While many British expats head to the sunshine of Florida, others are heading to Chicago, where temperatures have fallen to minus 36°C. The city is now the fourth most popular destination for investors from the UK wanting single family US homes.

A spokesman for the National Association of Realtors says that Brexit could be a cue for Brits to head the US, although the falling value of the pound has made it more difficult for them to buy property. Figures from the realtors reveal that only Canadian and Chinese people buy more property in the US than the British, who now outnumber purchases made by Indian expats. Many British expats are heading to the suburbs of Chicago and are more likely than other foreign buyers to want a detached home in a small town.

In other news…

Media outlets in Dubai are reporting that the falling number of expats is having a major effect on real estate there. They are highlighting that there could be a financial impact on citizens and investors and that current projects being planned may be delayed. There is also an issue for expats working in industry, with the ministry of social affairs and labour increasingly rejecting visa replications from potential expat recruits.

News platform Buzzfeed says that since Labour introduced fees for the indefinite leave to remain (ILR) visa, they have rocketed in cost by more than 1,300 percent; and that the fees may be illegal. The ILR visa will now cost applicants £2,297 and must be paid when the NHS surcharge of £1,000 is required. In 2003, the NHS fee was £155. The chair of the Immigration Law Practitioners’ Association, Adrian Berry, says that the fees are now so high they could be unlawful and may result in a legal challenge.

The BBC has revealed that 25 percent of properties in England and Wales are owned by overseas firms, and that many of these are in fact held by entities registered in the British Virgin Islands. Their findings reveal that the islands have a population of 30,600 but are the official home to firms that own more than 23,000 properties; more than any other country.

Expats in Australia will be among those celebrating the approval of a watchdog called the Australian Financial Complaints Authority, which will deal with complaints about banks and financial institutions, including superannuation funds. This new financial organisation will begin work later this year.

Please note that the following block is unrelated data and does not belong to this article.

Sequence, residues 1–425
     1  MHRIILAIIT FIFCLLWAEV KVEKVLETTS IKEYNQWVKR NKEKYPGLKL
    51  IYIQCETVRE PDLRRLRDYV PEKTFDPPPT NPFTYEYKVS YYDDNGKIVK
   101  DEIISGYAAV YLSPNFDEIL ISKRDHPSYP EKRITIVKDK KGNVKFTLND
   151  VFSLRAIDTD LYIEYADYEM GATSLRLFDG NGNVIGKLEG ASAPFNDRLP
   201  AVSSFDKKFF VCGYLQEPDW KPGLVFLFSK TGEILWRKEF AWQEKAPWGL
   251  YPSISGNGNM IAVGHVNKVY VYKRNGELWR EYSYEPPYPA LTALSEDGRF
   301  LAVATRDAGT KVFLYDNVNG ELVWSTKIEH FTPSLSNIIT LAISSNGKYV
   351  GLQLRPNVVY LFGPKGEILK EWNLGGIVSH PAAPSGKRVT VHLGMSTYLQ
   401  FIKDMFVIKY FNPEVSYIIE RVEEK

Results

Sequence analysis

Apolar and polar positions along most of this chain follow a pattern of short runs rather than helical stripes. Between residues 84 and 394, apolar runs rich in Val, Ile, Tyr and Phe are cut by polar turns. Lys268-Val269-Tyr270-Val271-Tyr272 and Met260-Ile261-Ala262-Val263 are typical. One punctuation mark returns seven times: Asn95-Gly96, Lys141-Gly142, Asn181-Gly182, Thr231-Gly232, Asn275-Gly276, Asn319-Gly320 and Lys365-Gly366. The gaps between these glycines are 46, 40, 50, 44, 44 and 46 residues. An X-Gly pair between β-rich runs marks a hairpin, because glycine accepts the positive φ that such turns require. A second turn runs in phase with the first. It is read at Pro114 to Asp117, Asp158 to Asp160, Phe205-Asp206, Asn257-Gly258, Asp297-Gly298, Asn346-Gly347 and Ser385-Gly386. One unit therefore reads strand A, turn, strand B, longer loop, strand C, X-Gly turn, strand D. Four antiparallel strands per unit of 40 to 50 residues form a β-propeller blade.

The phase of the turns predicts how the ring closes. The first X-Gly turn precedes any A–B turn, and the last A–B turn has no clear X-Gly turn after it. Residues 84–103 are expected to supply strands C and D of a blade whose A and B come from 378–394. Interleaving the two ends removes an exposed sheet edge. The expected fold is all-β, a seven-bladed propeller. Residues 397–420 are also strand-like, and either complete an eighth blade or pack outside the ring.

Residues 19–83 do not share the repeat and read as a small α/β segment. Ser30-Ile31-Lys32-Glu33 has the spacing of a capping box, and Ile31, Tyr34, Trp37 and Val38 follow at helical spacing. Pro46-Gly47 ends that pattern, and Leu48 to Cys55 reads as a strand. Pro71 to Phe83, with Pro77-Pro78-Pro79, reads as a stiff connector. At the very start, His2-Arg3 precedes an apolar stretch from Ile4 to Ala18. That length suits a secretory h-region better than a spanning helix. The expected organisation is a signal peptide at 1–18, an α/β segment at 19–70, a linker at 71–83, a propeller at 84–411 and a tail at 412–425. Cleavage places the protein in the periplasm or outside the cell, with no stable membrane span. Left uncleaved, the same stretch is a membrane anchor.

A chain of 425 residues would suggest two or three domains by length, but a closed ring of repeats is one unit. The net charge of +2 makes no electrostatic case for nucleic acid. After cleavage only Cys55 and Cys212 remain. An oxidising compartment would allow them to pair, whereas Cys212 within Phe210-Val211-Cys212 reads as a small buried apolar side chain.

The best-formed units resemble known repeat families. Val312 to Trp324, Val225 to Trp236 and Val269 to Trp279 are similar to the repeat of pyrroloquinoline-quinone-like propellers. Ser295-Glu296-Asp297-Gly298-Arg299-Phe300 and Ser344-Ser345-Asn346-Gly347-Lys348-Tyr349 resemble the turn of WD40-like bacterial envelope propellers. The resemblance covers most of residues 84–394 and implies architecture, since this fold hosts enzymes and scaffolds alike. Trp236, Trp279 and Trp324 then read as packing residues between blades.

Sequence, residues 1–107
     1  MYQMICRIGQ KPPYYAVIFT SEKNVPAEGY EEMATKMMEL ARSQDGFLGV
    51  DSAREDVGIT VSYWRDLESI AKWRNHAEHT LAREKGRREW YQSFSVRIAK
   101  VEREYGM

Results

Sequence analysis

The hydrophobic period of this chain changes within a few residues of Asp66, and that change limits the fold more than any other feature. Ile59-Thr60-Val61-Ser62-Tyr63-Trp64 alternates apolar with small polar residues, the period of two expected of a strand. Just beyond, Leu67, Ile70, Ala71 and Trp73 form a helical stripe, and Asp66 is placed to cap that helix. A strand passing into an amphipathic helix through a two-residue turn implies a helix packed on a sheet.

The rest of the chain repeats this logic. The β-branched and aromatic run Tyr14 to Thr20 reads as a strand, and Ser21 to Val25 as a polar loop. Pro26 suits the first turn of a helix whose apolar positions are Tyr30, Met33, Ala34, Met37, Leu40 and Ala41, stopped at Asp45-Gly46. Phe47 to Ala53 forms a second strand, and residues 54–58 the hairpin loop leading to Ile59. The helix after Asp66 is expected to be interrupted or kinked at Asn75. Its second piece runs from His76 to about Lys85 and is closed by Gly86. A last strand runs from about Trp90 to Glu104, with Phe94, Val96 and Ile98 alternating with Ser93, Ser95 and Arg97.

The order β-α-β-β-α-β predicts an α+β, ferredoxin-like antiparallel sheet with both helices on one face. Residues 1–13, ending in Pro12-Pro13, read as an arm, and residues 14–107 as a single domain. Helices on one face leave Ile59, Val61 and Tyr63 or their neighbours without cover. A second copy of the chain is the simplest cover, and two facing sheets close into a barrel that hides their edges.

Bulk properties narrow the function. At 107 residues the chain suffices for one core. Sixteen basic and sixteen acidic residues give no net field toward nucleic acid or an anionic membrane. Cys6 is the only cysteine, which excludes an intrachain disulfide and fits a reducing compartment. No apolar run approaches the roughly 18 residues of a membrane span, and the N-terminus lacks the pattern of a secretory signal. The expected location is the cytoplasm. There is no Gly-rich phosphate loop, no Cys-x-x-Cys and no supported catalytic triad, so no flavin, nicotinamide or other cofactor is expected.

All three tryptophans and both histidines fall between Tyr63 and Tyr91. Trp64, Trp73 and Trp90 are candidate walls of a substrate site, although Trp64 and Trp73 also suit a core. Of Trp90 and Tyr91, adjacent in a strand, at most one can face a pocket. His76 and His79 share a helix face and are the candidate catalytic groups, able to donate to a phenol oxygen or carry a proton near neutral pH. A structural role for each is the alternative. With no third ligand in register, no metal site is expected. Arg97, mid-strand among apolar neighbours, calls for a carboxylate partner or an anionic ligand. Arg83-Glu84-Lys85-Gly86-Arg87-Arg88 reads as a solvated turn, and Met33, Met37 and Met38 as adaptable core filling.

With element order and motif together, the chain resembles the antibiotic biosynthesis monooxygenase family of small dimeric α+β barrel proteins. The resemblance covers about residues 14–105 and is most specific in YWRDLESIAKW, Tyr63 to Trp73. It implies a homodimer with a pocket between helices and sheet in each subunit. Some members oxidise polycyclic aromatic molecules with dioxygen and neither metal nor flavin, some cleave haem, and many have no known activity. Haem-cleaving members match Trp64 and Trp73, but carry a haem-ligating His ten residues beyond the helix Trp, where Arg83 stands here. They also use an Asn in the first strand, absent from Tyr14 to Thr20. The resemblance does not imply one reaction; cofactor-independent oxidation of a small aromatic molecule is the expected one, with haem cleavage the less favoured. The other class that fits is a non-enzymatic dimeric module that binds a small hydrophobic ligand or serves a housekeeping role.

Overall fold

The UK’s Financial Conduct Authority (FCA) is warning expat investors to be wary of online fraud, which they say is a growing threat. The FCA states that fraudsters are targeting people on social media channels with offers of binary options, cryptocurrencies and forex. The FCA says all investors should check whether a person or company is authorised by the FCA before investing online.

The Isle of Man Financial Services Authority has revealed plans to crack down on all unlicensed financial activity on the island, with financial services professionals who are operating without a licence being struck off. The regulator says it is now looking to identify those who are conducting unregulated activity without having the relevant licence.

Media outlets in Kuwait say some banks there are looking to reduce the minimum salary requirement for expats to obtain a loan. They want to attract a new category of expat customer who receives monthly salaries that are less than the bank’s current limits. Currently, most banks have a limit of between KD500 (£1,190/$1,666) and KD600 (£1,427/$2,000). This could be reduced to KD400 (£951/$1,333).

Of all the states in America, New York gains the most economical benefit from expats and immigrants https://wallethub.com/edu/economic-impact-of-immigration-by-state/32248/. The study from personal finance website WalletHub looked at household incomes as well as the number of jobs being created and contributions to innovation. New York was followed by California and New Jersey.

Fees charged to non-EU migrants for accessing the NHS in future are set to double. The health surcharge is paid by those from outside of the European Economic Area who want to live in the UK for at least six months to work, study or join their family. The rate for students will increase to £300 from £150, while for non-students it will double to £400.

Despite tougher lending criteria, expats living in Australia are increasingly looking to invest in buy-to-let property in the UK. Cherry Mortgage and Finance says there are more than 1.1 million British expats in Australia, and that there has been a 29 percent increase in queries from expats looking to buy a UK property either as an investment or as a home to live in when they return. The firm says they receive lots of expat queries with people from all walks of life including teachers, bankers and engineers wanting to invest.

Growing numbers of Chinese expats are heading for retirement in Malaysia, drawn by real estate investment opportunities. One Chinese newspaper says more than 1,000 Chinese expats have applied for a 10-year retirement visa, which requires a minimum income of $3,365 (£2,400).

A move by Kuwaiti MPs to impose a tax on expat remittances has been rejected by the National Assembly’s legal and legislative panel which says that this would be unconstitutional. MPs wanted a five percent tax on expat remittances to help boost the country’s non-oil revenues.

Expats wanting their hard-earned money to go further should consider seven European destinations, says FinGlobal. Andorra, which only introduced income tax in 2015 after pressure from the European Union, is in first place, while Georgia is second. Other countries include Bulgaria, which has a flat tax rate of 10 percent, Gibraltar, Malta and Montenegro, which has a basic rate of income tax of just nine percent. Monaco takes seventh place.